Assumptions and Fallacies
Write a 150- to 200-word response to each of the following questions: •
What are assumptions? How do you think assumptions might interfere with critical thinking? What might you do to avoid making assumptions in your thinking? •
What are fallacies? How are fallacies used in written, oral, and visual arguments? What might you do to avoid fallacies in your thinking? 1.
According to The Random House Dictionary, assumptions is the act of taking for granted or supposing, act of taking to or upon oneself, act of taking possession, arrogance or presumption. In the reading from this week assumption is to take for granted, to expect things will be a certain way because they have been in the past or you want them that way. Assumptions effect critical thinking because if you take something for granted you may not think objectively about something. When I hear the word assume, It reminds me of a saying (to assume makes an *** out of you and me!) this saying helps me keep things in perspective and will assist in the critical thinking process. One way to avoid assumptions is to ask questions (play devils advocate) of the situation or material that you are working on. By getting a different perspective from someone else and compare your way of thinking to theirs to see if there are any flaws. By looking for flaws and avoiding assumptions a person will have a better end product or plan. 2.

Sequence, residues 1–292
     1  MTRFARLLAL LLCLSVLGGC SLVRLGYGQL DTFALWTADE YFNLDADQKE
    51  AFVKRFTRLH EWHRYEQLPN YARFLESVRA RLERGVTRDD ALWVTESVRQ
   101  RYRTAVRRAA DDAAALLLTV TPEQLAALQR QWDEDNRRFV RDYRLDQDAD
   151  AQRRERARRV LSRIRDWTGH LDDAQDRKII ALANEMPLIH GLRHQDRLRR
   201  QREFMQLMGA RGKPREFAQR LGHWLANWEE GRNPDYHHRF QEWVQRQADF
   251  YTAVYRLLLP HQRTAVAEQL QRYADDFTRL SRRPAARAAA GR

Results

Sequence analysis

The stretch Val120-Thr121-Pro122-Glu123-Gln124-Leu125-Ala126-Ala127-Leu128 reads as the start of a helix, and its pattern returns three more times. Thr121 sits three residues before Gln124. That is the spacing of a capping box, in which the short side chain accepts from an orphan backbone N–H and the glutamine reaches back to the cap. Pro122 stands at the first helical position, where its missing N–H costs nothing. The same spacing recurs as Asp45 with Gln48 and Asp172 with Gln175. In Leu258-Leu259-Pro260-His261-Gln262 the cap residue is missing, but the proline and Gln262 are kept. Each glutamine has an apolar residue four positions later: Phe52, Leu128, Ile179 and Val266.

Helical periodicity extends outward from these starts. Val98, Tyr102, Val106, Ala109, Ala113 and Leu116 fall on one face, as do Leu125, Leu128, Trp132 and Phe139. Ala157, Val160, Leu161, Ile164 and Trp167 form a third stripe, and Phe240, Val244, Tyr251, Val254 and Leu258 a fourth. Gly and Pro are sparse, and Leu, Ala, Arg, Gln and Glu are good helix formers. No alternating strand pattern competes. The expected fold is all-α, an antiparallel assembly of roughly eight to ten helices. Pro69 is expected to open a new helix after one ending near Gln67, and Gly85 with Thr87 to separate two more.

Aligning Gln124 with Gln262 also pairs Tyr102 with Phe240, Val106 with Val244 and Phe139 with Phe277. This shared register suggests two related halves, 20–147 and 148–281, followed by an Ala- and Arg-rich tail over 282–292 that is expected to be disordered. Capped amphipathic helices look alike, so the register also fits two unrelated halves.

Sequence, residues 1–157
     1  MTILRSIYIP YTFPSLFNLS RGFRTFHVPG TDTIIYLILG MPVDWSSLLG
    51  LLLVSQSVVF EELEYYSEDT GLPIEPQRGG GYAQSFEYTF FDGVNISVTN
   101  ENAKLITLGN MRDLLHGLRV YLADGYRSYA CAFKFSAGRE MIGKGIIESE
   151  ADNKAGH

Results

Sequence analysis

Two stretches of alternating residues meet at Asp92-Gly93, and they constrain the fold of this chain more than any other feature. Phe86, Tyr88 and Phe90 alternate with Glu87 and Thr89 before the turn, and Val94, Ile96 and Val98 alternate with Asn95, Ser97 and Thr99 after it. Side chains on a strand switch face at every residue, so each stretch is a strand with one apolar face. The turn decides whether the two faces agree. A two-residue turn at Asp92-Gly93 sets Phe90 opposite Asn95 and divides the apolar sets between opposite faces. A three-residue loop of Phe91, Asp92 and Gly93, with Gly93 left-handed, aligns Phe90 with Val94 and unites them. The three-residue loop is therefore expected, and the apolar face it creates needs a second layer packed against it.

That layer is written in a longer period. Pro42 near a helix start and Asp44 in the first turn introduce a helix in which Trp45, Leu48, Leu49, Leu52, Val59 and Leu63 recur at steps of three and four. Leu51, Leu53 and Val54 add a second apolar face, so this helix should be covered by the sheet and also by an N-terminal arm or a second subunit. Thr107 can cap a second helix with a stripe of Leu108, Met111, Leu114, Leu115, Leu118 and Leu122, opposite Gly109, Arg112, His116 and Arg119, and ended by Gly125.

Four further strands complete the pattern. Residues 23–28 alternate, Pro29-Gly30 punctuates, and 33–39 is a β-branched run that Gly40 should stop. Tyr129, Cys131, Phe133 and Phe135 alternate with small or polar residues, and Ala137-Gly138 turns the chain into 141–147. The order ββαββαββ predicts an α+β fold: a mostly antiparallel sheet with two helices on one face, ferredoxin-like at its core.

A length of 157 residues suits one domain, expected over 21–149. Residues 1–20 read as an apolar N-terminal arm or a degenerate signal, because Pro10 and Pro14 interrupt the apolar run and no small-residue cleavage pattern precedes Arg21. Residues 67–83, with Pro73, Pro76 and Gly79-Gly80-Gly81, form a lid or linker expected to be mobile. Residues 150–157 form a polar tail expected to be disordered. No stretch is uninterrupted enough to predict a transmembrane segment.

According to The Random House Dictionary, a fallacy is logically unsound, deceptive, or misleading. There are several instances that lead to errors in written, oral, and visual arguments. Either/or thinking is in the believing that there are only two choices, when there may be more. To correct this error you should conscientiously search out all points of view before choosing one. Avoiding the issue may occur by an unintentional misunderstanding or by an unconscious slip to something irrelevant. To correct you should look closely that the issue and ask what...
Please join StudyMode to read the full document